New Jersey Governor Phil Murphy just signed the Diane B. Allen Equal Pay Act, which was recently passed by the state legislature. His signature today means New Jersey’s antidiscrimination law will soon be expanded to prohibit discrimination in pay on the basis of any of the protected categories recognized under state law.
Once the law goes into effect on July 1, 2018, it will be unlawful for a New Jersey employer “to pay any of its employees who is a member of a protected class at a rate of compensation, including benefits, which is less than the rate paid by the employer to employees who are not members of the protected class for substantially similar work, when viewed as a composite of skill, effort and responsibility.” Similar to the federal Equal Pay Act, the law carves out specific legally permissible reasons for a different rate of compensation, including if the differential is based on a seniority system, merit system, or one or more legitimate bona fide factors other than the characteristics of members of the protected class. Additional information regarding the key provisions of the Diane B. Allen Equal Pay Act is available here.
What makes this New Jersey law unique is that it provides protection to far more categories of individuals than the federal Equal Pay Act or any other state’s equal pay laws. Whereas the federal law and most state laws apply only to women, New Jersey’s law covers all protected classes recognized under the New Jersey Law Against Discrimination:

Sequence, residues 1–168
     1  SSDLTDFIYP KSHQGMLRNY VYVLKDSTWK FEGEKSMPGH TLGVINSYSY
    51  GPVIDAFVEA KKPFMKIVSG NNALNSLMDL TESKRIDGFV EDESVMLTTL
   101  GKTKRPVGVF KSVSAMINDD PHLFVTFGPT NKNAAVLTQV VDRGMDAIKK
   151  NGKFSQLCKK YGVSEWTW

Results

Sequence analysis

- National origin
- Marital status
- Civil union status
- Domestic partnership status
- Affectional or sexual orientation
- Genetic information
- Gender identity or expression
- Disability or atypical hereditary cellular or blood trait of any individual
- Service in the armed forces
In affording equal pay protections to these 17 categories of minority employees, New Jersey will soon have the strongest equal pay law in the country.
Conspicuously absent from the Diane B. Allen Equal Pay Act is a prohibition on inquiring about a job applicant’s current or prior salary. While New Jersey law currently prohibits public employers from making such inquiries, there is no such prohibition on private employers. Despite its sweeping nature, New Jersey’s new equal pay law bucks the trend that we have seen in other states, including California, Delaware, Massachusetts, and Oregon, and cities like New York City and San Francisco, which incorporated a salary history ban into their equal pay legislation. It remains to be seen whether New Jersey eventually will follow these other states and prohibit employers from asking about salary history.
For more information about how this legislation could affect your workplace, contact any attorney in our New Jersey office at 908-516-1050, your regular Fisher Phillips attorney, or a member of the Pay Equity Practice Group.